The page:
What is it like to work for charities? A career guide

By Indeed Editorial Team

Updated 27 October 2022

Published 6 May 2022

The Indeed Editorial Team comprises a diverse and talented team of writers, researchers and subject matter experts equipped with Indeed's data and insights to deliver useful tips to help guide your career journey.

It is widely believed that charity work entails volunteering at or running a charity shop. Many people are unaware of the skills and abilities they may offer the industry, or the variety of paid positions available that could utilise their strengths. With thousands of charity positions available at any one time, you may find one to suit your skills and experience. In this article, we answer a wide selection of frequently asked questions, including 'What is it like to work for charities?', outlining the roles available within the charity sector and more.

What is it like to work for charities?

Working for a charity offers several benefits, including the opportunity to develop transferable skills, the opportunity to interact with people from all walks of life and the opportunity to support your favourite causes. Charities pride themselves on being able to demonstrate their influence and the excellent work they undertake. It's an undeniable personal reward to see such outcomes and understand how you contribute to them.

Charity recruiting remains competitive, as organisations seek excellent applicants. In the nonprofit sector, retaining personnel who share the same beliefs and aims as the organisation remains critical. Therefore, charities frequently place a high value on continuing professional development. You can accomplish this through official qualifications or voluntary workshops, both of which assist you in seeing the larger picture of your job.

Related: Project management skills and how to improve them

Why should I work for a charity?

Many people choose to work for a charity because they aspire to make a difference. Charities carry a clear sense of purpose, which they may articulate in a mission statement that aspires to effect change and improve the world, whether that is locally or nationally.

It can be motivating and fulfilling to log off every day with the knowledge that you have helped to improve someone's situation or worked towards completing a larger project which can provide you with the feeling of professional fulfilment. When you ask most charity employees what they enjoy most about their work, they may tell you it's the people who benefit from the charity's work. Not only do you meet people from diverse backgrounds and with interesting stories to tell, but you may also find that you share similar views and motives in supporting a cause which has a particular meaning for you.

When can I start working in the charity sector?

Begin your research into a career in the charity sector by becoming acquainted with the different types of charitable organisations which might lead you to employment opportunities. Some of the organisations committed to assisting charity employees to develop their knowledge are:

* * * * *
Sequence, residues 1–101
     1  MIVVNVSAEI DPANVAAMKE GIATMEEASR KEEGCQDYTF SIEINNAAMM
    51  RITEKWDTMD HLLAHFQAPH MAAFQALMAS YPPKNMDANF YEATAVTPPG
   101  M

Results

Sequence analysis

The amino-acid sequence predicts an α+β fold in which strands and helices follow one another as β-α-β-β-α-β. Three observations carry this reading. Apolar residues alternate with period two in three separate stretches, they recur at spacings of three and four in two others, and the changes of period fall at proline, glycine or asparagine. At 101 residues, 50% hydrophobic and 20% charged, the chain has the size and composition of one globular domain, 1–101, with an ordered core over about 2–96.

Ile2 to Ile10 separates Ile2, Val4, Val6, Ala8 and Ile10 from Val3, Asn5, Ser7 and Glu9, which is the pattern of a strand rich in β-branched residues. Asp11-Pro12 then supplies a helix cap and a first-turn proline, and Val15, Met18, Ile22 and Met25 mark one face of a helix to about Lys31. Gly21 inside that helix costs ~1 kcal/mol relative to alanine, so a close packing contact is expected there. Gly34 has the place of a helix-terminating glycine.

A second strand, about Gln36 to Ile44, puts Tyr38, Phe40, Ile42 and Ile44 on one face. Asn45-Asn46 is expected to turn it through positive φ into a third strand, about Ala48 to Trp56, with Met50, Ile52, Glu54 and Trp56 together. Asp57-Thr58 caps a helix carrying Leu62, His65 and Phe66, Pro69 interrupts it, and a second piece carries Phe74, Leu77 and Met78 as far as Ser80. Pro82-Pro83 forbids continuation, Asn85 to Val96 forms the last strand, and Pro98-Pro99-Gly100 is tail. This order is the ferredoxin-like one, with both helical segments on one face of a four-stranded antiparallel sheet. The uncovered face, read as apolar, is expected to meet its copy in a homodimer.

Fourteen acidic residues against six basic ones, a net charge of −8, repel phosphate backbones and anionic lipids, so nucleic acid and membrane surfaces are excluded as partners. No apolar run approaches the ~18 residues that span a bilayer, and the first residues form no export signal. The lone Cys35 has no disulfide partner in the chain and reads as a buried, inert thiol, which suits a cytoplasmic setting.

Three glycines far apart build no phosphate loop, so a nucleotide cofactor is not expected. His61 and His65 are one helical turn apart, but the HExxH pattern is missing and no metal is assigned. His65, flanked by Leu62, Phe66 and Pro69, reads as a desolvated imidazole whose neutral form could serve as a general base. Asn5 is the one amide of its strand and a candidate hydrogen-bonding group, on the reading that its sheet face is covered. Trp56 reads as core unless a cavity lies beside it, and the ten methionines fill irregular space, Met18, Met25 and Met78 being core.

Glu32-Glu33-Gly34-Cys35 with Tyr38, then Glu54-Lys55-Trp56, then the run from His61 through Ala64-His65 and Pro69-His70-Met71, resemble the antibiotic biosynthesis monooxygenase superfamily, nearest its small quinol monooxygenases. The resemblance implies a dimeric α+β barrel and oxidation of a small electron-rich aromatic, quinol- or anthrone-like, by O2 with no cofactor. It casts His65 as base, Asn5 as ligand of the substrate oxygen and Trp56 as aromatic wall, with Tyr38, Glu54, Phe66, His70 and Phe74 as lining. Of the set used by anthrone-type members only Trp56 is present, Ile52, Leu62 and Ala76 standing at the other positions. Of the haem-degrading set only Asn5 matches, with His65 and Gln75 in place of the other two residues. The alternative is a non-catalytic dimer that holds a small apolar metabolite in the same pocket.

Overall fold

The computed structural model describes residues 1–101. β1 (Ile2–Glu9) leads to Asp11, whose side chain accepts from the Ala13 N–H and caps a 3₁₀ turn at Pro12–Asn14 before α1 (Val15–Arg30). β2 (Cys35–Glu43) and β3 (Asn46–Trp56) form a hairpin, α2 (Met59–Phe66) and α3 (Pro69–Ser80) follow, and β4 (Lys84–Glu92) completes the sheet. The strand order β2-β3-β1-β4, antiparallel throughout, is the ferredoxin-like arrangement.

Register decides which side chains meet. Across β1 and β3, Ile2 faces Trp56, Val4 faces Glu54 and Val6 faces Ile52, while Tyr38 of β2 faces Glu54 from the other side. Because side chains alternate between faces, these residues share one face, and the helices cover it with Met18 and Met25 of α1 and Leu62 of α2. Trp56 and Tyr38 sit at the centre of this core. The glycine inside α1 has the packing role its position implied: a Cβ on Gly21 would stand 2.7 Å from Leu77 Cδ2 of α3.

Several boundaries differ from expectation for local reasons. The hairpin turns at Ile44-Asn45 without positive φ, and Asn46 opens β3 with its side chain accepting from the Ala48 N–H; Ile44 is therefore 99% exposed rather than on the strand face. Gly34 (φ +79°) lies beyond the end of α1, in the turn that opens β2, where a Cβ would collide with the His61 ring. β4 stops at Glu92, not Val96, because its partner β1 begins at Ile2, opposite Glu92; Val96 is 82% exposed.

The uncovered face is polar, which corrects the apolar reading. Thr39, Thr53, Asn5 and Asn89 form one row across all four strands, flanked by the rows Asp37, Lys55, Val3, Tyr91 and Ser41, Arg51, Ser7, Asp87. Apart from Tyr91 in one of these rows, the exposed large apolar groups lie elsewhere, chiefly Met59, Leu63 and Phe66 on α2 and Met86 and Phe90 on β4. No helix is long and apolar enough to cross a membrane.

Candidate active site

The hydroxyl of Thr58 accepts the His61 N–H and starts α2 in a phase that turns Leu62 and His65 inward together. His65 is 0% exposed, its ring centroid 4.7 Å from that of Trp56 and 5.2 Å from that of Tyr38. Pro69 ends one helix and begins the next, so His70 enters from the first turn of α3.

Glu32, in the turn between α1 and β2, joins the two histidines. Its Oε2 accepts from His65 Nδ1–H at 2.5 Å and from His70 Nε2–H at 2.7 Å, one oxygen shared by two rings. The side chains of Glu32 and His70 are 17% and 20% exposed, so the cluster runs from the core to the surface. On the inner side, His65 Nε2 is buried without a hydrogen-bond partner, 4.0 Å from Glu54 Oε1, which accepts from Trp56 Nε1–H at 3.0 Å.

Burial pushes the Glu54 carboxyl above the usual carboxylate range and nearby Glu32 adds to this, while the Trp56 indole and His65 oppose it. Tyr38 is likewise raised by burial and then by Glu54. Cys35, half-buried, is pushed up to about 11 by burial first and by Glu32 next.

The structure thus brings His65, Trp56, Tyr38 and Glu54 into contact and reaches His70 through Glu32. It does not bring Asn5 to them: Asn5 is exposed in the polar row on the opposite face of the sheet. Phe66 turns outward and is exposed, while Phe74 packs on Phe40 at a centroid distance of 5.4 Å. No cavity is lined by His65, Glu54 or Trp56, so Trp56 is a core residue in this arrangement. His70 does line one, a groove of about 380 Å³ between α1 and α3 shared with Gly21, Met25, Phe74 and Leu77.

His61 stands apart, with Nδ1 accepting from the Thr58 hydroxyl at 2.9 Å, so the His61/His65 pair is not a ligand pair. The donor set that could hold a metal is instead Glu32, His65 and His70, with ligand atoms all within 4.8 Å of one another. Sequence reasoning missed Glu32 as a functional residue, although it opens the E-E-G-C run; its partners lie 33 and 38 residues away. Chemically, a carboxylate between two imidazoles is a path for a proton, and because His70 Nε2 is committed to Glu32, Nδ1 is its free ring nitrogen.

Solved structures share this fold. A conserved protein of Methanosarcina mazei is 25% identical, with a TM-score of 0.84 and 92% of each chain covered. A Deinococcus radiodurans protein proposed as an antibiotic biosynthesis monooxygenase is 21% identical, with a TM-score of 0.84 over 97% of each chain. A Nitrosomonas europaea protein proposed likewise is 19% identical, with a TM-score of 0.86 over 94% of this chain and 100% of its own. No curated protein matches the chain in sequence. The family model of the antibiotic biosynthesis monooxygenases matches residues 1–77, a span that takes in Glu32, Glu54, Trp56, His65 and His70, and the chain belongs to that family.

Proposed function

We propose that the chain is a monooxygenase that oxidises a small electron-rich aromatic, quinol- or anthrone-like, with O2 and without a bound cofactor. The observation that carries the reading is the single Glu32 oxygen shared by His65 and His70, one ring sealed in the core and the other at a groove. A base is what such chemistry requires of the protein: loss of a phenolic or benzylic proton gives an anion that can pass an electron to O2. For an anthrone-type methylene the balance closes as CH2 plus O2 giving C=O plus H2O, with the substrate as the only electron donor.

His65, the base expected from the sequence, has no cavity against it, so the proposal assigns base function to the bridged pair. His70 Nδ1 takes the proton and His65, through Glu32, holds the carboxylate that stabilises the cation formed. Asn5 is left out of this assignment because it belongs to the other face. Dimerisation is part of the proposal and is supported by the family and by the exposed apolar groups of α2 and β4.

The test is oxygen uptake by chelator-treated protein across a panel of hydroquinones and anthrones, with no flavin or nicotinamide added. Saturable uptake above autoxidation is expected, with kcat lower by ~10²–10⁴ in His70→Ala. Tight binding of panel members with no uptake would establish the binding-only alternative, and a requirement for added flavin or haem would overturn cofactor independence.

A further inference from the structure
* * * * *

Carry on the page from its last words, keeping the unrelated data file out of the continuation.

• National Council for Voluntary Organisations (NCVO): This organisation promotes the voluntary sector by linking charitable organisations with people looking for paid or volunteer employment along with partnerships and tools that can help them make a positive impact when in a role. Their website is kept up-to-date with charitable sector news and information. Search their website for your nearest branch.

  • Chartered Institute of Fundraising: This professional membership group for UK fundraising offers training, subscription and annual conferences to help fundraisers succeed in their role on behalf of their charity. It is a good place to go to learn all there is to know about fundraising both as a beginner and when you are developing your fundraising skills.

  • CharityConnect: This is a social networking site for people who work in the nonprofit sector. If you want to connect and collaborate with others who work in the sector, this is the site for you to have your questions answered and share experiences with other charity employees.

What steps can I take to start a career in the charity sector?

Consider why you want to support a charity as an employee and think about alternative options for achieving your goal. You are likely to have specific charities you prefer to support and these may help you choose which one to approach for employment either on a paid or voluntary basis. Some companies support their employees to devote some of their time to working for a charity and this may be a good way to combine voluntary and paid work. Another possibility is to gain experience, abilities and professional qualifications in the public or commercial sector before transitioning to charity work later in life.

Related: How to improve social skills and highlight them to find work

What can I do to get work experience?